In the aftermath of Pearl’s case the government introduced the Cyber Crime Ordinance, but due to its non-serious approach, it lapsed. So for many years we had a department to deal with cyber crimes, but without any law.
The murder case of well-known journalist, Saleem Shahzad, could have easily been solved had the authorities investigated it in the same manner in which they resolved the Daniel Pearl case. But even basic issues such as the data from the calls made on his phone, just before and after his kidnapping, were not traced.
The fact is that journalists’ unions, editors and professional bodies are more engaged in trying to get ‘donations’ and clear their outstanding dues from the government, than in dealing with serious issues. They have barely reacted to the proposed bill, let alone challenged it.
Under the clauses of the bill, the government can withhold even the most basic information that the public has the right to access. How do you think this will impact the functioning of democracy in Pakistan?
Democracy and freedom of expression have become a myth in Pakistan. In reality, there is neither democracy nor freedom of speech. There is also no rule of law. The only rules of the game are those defined by the country’s powerful people, who can get away with everything, lawful or unlawful.
Today, you can’t talk about issues like missing persons or the plight of Balochistan. What happened with GEO in the aftermath of its questionable editorial judgment on April 19 last year, after the attack on leading anchor Hamid Mir, could be an eye-opener for all those who claim that the media is free in Pakistan. The channel could not recover. Other channels too face pressure from state and non-state actors, and are sometimes taken off air. And there is no one to come to their rescue. As a result, they are left with no other option but to bow before the powerful mafia and apologise. Democracy can’t flourish without a powerful and simultaneously responsible media.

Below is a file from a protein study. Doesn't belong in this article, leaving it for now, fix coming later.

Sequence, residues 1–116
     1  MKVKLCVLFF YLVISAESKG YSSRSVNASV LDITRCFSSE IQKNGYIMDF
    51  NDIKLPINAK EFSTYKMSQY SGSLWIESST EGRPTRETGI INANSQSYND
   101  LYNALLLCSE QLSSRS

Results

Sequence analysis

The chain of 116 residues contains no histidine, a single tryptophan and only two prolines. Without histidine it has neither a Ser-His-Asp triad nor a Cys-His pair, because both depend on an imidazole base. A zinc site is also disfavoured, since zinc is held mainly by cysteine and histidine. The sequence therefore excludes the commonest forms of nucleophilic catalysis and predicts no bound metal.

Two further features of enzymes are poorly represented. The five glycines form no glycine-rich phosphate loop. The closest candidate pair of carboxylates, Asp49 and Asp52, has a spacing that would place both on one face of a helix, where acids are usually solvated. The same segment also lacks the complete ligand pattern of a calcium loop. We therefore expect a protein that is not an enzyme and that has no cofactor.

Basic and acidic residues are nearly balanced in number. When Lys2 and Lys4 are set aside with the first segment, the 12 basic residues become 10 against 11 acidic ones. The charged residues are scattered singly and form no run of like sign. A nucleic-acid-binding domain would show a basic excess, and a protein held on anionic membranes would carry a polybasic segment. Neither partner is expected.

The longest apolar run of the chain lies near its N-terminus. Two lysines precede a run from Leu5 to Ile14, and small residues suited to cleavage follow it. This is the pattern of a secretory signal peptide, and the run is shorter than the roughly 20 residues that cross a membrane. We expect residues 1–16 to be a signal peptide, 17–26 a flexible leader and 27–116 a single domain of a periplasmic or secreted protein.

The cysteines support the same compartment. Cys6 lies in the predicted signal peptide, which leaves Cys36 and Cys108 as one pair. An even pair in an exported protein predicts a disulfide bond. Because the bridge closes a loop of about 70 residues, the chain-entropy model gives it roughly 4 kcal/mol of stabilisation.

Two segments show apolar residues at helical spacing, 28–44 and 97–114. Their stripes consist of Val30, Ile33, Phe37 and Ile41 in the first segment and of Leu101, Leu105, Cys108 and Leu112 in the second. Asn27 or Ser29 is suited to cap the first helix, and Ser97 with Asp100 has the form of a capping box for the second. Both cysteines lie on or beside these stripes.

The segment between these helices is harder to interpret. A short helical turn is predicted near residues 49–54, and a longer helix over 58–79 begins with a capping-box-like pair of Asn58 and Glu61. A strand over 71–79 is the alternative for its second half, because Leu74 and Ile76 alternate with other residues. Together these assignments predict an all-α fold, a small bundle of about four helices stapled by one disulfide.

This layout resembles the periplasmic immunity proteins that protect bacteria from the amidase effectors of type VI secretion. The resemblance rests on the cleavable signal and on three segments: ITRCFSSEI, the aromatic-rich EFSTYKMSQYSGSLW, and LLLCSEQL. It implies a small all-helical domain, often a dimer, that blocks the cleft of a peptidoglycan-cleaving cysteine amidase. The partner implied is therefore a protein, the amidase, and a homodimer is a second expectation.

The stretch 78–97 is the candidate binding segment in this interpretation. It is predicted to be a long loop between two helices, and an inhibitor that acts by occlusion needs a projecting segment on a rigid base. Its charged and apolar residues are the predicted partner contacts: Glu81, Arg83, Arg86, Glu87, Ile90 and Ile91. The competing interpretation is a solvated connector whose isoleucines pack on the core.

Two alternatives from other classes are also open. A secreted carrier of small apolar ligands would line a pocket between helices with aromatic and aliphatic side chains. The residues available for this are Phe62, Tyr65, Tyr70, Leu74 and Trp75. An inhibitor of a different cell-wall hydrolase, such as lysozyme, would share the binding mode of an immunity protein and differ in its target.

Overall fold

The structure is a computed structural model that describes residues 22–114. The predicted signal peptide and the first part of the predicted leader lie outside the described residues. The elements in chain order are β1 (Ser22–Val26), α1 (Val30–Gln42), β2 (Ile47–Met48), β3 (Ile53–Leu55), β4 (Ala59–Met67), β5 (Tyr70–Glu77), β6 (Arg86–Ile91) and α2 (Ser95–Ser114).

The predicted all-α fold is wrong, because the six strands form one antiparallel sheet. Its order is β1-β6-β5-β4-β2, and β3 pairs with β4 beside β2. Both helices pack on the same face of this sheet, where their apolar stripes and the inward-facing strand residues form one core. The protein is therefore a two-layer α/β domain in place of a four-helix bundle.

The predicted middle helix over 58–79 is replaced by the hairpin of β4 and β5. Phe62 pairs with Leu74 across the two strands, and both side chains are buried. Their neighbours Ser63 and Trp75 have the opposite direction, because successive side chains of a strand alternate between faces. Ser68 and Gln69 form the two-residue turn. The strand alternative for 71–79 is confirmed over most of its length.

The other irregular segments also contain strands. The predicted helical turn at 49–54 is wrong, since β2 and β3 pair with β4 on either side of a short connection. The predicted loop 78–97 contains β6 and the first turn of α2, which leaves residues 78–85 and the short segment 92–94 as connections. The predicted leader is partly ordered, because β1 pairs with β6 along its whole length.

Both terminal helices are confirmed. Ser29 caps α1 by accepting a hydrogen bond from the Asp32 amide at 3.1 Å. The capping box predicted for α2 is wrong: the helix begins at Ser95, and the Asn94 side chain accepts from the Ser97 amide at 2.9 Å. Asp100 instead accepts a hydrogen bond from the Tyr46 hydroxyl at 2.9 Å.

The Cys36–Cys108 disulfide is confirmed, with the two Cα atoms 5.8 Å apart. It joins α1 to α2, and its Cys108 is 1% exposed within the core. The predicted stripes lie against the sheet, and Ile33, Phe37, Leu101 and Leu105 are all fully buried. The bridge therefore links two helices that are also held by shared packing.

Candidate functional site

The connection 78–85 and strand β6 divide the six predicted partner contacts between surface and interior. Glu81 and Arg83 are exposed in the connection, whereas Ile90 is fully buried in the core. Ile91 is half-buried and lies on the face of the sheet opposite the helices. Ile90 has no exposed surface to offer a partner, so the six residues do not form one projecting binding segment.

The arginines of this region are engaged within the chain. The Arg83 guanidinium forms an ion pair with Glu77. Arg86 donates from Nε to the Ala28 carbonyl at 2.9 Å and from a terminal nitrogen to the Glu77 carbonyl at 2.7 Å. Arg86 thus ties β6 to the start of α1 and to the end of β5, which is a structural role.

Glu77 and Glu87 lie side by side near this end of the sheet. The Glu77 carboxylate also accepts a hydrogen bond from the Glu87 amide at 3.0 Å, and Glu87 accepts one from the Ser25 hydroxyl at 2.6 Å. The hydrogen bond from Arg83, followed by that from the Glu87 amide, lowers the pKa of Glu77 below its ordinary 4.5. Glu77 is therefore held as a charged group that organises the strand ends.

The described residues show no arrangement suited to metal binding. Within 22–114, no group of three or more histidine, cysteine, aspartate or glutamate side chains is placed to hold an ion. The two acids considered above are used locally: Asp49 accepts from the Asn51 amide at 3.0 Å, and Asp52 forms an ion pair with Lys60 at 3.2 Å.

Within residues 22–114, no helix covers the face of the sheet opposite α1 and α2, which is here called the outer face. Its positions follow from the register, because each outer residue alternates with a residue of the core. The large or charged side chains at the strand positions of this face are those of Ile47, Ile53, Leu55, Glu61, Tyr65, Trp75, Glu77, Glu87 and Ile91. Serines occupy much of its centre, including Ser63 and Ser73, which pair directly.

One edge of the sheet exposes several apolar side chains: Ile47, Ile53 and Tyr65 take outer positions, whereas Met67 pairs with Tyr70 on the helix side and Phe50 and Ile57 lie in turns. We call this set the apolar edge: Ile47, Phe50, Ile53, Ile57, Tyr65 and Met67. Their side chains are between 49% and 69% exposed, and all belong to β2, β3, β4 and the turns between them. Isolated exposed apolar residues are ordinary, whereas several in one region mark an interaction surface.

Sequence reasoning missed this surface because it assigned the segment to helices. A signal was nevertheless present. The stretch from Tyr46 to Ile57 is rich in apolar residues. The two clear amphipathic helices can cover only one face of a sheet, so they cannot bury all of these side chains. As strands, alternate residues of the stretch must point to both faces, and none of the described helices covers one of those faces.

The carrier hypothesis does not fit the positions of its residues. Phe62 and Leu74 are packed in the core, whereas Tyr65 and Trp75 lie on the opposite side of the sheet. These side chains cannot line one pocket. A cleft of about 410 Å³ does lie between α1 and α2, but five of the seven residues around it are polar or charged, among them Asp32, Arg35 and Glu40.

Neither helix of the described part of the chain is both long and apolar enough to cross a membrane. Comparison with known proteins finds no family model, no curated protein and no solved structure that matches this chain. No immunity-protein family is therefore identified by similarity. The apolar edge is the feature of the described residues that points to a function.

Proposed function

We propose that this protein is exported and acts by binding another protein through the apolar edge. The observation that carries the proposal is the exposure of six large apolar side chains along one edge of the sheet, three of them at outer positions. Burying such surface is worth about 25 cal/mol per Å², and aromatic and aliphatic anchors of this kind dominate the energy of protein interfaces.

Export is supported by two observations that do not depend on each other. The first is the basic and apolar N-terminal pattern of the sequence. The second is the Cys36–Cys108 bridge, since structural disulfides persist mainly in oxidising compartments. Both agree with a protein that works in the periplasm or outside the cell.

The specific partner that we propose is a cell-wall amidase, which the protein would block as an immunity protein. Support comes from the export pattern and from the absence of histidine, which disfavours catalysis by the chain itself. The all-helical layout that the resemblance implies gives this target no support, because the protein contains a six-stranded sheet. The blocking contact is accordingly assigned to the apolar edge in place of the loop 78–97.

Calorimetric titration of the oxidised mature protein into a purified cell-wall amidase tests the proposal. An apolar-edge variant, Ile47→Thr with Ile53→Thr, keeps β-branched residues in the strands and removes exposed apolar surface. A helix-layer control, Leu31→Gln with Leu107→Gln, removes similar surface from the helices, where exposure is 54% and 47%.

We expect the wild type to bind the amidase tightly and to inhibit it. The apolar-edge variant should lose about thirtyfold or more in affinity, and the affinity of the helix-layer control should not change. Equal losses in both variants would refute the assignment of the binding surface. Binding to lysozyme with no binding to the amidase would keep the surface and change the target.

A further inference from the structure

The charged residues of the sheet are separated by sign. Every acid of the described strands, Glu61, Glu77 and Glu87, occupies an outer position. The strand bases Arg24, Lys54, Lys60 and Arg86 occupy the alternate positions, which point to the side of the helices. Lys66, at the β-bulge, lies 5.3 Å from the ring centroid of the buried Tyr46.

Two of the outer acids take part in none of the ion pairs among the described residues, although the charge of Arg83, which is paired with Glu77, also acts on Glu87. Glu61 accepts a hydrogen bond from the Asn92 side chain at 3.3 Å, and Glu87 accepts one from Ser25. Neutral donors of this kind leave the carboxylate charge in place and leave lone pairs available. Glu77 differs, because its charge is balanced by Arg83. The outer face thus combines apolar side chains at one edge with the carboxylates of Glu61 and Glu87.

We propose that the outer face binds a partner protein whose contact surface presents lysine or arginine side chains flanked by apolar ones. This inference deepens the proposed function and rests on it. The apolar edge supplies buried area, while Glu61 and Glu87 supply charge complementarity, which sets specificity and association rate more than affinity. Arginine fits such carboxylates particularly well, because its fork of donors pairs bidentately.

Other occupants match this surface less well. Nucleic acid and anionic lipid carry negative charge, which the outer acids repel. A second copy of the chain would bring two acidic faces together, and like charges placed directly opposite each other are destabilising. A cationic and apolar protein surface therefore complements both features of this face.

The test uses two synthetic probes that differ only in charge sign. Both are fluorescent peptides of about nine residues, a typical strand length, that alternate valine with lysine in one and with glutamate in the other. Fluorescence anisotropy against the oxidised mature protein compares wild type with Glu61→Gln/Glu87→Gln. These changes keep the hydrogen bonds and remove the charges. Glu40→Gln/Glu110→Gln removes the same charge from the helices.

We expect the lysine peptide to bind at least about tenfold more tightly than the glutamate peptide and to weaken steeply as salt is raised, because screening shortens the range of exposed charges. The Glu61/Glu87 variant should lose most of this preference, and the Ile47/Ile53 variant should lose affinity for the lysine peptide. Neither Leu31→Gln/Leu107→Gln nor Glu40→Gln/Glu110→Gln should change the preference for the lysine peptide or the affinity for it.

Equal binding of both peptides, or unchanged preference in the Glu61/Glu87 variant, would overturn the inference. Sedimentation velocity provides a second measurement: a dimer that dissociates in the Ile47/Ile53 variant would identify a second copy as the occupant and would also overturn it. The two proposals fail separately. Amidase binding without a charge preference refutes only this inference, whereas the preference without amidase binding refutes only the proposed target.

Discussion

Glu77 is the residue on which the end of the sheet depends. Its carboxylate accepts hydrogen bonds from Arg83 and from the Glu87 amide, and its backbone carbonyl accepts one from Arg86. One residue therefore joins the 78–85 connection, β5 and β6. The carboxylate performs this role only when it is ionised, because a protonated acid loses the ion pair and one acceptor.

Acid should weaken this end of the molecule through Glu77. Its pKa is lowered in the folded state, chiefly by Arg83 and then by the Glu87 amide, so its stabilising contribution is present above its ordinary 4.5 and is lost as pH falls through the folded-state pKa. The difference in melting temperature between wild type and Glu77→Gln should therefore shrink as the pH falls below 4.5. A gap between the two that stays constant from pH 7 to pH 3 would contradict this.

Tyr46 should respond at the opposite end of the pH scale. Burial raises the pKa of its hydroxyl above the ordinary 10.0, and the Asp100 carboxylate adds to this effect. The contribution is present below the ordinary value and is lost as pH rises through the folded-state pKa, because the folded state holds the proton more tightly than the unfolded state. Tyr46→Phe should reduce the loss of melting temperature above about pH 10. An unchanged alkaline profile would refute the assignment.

What terms do you think can be added to this clause to make it more acceptable?
A cyber law is needed and there can be no two opinions about that. Hate material needs to be checked and those involved in using it must be caught. But has the ban on YouTube helped in checking such material? No. On the contrary, it has deprived people from getting useful information. Checks and balances are an important part of responsible freedom of expression, but to have this you also need a speedy justice system, clean officers in the FIA, and maybe even a separate police force comprising well-educated people with experience both in technology and in policing.
In the presence of PEMRA, there is no need to introduce clauses in the cyber law which will impinge on the freedom of the press and of expression. However, some amendments are needed. To begin with, PEMRA should be made an autonomous body, run by professional people with experience in media and administration.
This interview was originally published in Newsline’s August 2015 issue.
The writer is a staffer at Newsline Magazine. His website is at: www.alibhutto.com